Excellent point, Kyle! You're absolutely right about that. You've hit on the other side of the issue which I raised in my original post: evangelicals who are also artists. Evangelical critics of art tend to look for the propositional content, while evangelical artists tend to make art overly propositional. This only confirms my basic argument: because of the nature of their Christian faith, evangelicals have a difficult time connecting with art and the aesthetic.

The issue is readily apparent when one listens to almost any so-called "Christian" music. The quality of the music is generally of a very low level, but the lyrics are even worse. Most of the songs are glorified "worship songs" or make some pious statement or tell a very moralistic story. There are almost no songs of lamentation, tragedy, moral complexity, or socio-political responsibility. Nor are there songs which portray perspectives other than the one singing -- a storytelling technique that artists like Bob Dylan and Sufjan Stevens have mastered.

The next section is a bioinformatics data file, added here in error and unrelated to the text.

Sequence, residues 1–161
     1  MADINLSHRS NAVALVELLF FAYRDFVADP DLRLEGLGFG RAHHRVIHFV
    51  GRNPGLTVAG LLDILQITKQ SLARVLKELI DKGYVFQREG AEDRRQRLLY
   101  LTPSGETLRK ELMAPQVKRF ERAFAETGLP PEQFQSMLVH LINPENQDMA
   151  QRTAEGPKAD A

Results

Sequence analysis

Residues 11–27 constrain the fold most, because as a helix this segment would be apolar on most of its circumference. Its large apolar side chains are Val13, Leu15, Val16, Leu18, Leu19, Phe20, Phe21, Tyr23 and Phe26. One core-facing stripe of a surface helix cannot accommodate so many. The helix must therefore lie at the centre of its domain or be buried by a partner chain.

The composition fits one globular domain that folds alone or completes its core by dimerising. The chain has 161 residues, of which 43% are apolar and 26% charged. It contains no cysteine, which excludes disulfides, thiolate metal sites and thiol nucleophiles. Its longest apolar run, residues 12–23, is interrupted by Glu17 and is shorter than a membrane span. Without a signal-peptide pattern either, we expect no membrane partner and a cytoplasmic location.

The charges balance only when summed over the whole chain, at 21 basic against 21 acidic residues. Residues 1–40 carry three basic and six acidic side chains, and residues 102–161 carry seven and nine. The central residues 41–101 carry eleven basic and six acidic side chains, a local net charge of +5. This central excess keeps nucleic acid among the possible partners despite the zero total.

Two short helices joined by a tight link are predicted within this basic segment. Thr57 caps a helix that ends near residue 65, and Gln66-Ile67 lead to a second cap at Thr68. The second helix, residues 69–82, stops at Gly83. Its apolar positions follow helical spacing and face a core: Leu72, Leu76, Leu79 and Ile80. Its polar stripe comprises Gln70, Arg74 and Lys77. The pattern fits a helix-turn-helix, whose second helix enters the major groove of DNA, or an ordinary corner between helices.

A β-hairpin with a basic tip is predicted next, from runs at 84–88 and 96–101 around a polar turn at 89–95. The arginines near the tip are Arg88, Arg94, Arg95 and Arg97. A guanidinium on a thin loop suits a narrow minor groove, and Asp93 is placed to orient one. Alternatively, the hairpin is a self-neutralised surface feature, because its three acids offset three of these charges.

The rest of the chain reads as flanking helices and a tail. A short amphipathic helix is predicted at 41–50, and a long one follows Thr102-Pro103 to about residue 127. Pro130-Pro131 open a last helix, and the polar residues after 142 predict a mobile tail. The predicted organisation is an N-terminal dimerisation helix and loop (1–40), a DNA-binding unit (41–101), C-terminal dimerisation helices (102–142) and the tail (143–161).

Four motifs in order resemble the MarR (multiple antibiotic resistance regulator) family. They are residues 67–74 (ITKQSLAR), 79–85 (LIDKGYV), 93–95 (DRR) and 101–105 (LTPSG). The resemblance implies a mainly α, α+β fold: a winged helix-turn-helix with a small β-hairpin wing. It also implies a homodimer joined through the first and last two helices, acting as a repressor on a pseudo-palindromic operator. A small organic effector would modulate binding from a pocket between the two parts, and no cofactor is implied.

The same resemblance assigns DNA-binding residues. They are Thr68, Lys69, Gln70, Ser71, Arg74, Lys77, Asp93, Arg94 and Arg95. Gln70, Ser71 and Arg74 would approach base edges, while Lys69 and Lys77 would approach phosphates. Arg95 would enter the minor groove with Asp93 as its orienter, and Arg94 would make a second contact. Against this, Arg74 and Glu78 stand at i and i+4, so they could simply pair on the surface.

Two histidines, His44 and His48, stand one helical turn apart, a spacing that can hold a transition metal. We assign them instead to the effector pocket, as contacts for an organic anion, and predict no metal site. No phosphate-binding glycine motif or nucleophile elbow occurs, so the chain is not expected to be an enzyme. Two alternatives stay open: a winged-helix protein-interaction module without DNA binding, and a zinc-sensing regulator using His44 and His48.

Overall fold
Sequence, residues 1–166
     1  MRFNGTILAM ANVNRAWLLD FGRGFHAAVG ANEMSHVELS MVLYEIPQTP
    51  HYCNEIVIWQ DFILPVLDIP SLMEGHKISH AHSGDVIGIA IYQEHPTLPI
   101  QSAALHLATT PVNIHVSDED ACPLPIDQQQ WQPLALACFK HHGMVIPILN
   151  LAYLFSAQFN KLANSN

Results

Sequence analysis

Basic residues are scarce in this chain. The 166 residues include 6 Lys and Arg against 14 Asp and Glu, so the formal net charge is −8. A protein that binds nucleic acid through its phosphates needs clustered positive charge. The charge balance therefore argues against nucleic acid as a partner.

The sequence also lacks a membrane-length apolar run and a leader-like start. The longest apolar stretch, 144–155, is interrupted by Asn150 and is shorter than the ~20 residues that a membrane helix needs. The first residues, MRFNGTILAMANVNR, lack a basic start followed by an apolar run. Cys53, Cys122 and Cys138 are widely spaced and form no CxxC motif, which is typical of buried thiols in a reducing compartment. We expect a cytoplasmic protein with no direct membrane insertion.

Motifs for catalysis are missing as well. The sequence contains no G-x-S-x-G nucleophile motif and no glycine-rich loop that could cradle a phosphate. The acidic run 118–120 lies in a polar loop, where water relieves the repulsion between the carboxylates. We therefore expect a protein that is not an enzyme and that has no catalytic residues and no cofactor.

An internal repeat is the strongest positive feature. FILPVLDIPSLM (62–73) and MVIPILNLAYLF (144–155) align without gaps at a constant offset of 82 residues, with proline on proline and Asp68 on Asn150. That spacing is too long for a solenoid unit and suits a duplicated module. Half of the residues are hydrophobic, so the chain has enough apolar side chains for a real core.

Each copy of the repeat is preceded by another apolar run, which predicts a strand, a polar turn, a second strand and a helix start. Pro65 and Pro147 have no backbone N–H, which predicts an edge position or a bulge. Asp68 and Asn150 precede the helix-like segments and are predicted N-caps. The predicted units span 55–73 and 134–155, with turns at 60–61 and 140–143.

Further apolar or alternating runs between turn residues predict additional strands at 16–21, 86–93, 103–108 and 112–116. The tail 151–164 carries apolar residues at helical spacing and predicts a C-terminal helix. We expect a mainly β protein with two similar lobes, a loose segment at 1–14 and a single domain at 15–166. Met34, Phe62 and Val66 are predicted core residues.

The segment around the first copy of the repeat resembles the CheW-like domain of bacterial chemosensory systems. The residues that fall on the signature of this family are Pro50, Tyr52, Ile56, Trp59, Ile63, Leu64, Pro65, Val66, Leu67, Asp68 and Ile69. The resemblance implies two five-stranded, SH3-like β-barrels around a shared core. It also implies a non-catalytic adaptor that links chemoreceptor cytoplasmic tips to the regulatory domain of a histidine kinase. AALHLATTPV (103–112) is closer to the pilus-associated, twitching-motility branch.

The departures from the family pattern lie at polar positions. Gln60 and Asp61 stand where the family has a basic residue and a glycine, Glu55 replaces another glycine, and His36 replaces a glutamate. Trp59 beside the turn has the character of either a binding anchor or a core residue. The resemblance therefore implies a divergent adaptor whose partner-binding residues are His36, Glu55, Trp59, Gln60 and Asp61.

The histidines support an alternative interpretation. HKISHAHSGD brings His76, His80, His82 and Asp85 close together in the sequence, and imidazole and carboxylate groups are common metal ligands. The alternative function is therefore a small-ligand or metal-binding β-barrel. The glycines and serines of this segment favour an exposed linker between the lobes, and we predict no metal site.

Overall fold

I would like to come to Derek Webb's defense. His solo albums are quite a bit better than his Caedmon's Call work. They are still solidly from his perspective and still preachy, but they are a big step up from typical CCM fare.